I’ve been enjoying Electroboom’s Youtube channel, and was really interested in the various Tesla coil videos. I had a look at the OneTesla DIY kits: they look great, but way too expensive for an afternoon’s fun. Plus, shipping to the UK would likely be a faff.
Somehow I had the idea to check on Ebay: and I found there are loads of ~£4 mini tesla coil kits on there! So I ordered one, and a few days later it turned up:
Opening it up revealed a surprisingly small component count, and an instruction leaflet:
Initially, I made a joke about it being “clear and easy to follow”. But actually, it is really pretty good (though I think they could do with a better photocopier).
You’ve got a schematic, a board layout, and the silk screening on the PCB itself is clear. After running the text through Google Lens (along with some creative interpretation on my part), the first page has a wee bit of history and background of Tesla coils, while the second has a detailed set of instructions, as well as a troubleshooting guide for common errors (make sure you get the LEDs the right way round, the primary coil needs to be anti-clockwise etc).
So, a wee bit of simple soldering later, I had this:
- The only thing I really added was some CPU heat transfer compound to the power transistor heatsinks (from my ever growing tech cupboard).
- At the top is the DC input from my bench power supply – I found about 14V worked well, though I see it says 15-24v on the PCB. The instructions do say if you use a higher voltage, you will need to add a fan (that’s what the unpopulated “J3” is for).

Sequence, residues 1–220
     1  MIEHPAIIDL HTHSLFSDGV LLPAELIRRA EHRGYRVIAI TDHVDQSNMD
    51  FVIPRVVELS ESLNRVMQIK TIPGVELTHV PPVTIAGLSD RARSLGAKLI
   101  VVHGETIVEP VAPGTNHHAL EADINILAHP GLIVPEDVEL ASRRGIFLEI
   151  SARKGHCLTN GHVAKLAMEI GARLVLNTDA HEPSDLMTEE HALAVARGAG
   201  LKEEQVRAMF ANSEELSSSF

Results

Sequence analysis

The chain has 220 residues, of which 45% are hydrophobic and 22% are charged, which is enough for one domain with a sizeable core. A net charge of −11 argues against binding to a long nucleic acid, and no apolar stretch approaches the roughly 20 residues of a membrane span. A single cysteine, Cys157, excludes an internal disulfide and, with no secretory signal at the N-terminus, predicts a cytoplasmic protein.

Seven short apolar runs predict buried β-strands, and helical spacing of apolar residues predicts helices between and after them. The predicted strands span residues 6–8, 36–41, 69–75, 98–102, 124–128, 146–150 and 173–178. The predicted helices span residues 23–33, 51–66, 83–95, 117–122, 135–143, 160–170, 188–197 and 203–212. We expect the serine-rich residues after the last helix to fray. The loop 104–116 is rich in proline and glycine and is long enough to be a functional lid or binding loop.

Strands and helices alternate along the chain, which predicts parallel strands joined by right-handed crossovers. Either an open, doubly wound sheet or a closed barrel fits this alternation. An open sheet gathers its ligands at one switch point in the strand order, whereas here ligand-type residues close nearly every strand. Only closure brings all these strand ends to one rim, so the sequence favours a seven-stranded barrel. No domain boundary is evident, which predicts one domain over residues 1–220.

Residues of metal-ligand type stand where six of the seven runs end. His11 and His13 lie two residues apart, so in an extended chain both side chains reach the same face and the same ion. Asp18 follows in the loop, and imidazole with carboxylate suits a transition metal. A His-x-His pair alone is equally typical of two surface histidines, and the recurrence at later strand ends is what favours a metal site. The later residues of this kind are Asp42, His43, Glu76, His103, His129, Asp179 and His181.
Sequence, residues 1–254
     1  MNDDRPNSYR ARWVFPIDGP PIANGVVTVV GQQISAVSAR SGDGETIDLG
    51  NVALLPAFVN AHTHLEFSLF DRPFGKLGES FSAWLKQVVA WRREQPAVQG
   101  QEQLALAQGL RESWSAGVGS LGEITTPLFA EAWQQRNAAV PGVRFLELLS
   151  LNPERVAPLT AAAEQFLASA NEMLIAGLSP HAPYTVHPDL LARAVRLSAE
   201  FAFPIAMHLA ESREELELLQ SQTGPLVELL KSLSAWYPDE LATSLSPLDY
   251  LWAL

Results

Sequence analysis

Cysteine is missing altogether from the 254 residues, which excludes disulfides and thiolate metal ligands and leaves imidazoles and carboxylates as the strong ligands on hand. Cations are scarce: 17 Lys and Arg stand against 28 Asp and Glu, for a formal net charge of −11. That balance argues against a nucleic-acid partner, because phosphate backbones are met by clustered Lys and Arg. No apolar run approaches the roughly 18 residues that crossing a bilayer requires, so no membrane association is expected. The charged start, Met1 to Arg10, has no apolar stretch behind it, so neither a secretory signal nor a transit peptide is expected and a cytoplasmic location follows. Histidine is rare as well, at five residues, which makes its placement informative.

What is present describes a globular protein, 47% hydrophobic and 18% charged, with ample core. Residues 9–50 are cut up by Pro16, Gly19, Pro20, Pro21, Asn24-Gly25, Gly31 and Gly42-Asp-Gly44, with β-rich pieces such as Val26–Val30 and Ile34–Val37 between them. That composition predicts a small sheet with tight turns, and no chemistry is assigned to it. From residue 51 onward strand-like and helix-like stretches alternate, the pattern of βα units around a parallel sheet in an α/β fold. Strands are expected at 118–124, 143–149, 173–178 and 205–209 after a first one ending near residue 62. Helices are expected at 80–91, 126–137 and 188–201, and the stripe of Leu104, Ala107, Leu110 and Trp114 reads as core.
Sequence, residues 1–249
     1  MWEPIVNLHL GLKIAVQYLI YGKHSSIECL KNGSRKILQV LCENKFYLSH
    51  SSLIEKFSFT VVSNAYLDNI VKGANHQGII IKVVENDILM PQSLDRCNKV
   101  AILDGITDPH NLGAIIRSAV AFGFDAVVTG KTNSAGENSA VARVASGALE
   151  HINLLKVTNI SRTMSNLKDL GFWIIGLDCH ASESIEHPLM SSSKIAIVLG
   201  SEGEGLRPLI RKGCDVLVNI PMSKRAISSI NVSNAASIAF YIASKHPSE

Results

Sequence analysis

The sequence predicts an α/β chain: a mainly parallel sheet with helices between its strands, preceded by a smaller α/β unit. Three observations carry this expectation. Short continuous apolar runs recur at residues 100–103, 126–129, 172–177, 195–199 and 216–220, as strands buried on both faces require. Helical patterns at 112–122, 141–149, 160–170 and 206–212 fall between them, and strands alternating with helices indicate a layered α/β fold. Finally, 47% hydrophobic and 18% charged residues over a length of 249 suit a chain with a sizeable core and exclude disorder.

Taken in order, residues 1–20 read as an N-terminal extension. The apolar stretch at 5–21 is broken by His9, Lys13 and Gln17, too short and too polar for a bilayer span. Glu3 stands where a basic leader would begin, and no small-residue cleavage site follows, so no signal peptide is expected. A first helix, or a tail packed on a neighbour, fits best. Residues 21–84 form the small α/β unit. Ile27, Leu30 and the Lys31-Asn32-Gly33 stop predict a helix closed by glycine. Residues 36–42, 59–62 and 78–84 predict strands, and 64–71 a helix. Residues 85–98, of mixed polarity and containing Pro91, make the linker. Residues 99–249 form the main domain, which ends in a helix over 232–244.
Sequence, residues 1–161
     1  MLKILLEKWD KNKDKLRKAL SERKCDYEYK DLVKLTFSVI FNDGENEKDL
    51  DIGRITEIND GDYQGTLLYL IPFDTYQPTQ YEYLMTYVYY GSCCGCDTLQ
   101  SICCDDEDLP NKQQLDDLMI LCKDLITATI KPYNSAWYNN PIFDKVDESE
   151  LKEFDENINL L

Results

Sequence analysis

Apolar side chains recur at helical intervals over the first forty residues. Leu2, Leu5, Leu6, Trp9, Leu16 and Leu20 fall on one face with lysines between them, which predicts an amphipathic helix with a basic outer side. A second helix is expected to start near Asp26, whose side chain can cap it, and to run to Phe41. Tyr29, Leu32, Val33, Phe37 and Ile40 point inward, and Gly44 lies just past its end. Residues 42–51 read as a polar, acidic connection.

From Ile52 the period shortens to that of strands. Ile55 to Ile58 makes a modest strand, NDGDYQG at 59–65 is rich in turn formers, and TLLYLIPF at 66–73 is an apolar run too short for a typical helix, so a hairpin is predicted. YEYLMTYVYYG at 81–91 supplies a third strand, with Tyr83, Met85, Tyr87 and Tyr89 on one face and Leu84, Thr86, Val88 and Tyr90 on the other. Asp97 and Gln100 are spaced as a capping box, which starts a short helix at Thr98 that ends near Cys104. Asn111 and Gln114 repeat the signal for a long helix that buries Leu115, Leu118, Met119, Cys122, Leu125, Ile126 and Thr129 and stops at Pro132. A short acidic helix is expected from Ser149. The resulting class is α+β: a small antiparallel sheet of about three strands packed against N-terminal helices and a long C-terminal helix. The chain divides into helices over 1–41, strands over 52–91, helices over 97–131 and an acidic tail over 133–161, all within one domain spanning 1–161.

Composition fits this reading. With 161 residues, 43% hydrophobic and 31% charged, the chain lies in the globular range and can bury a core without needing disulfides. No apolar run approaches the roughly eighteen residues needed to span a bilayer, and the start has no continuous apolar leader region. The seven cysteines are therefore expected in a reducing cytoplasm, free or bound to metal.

- Below is an analogue audio input to modulate the coronal discharge to make it reproduce audio.
- The primary coil is the green wire you can see coiled (anti-clockwise) round the secondary coil: the instructions said it should be 2-3 turns, but they only supplied enough solid core wire for a single turn. I might try using a longer piece of wire with more turns later, but it works OK with one for now.
- It says to hot glue the secondary coil onto the PCB and solder the bottom wire into “L2”. The other wire should hang free in midair: this is where the coronal discharge happens. According to the instructions, the secondary coil is 350 turns.
After tidying the table (removing all sensitive electronic equipment), taking a deep breath, I hit the power, and:
Yay, it works! The kit even came with a tiny wee lightbulb so you can see it lighting it at a (small) distance!
I took a closer look at the corona discharge:
Its tiny, but pretty cool. And purple! It smells strongly of ozone pretty quickly.
Audio reproduction is surprisingly clear. A bit tinny and quiet, but you can clearly make out lyrics (I tested with Queen’s Bohemian Rhapsody 😀 ).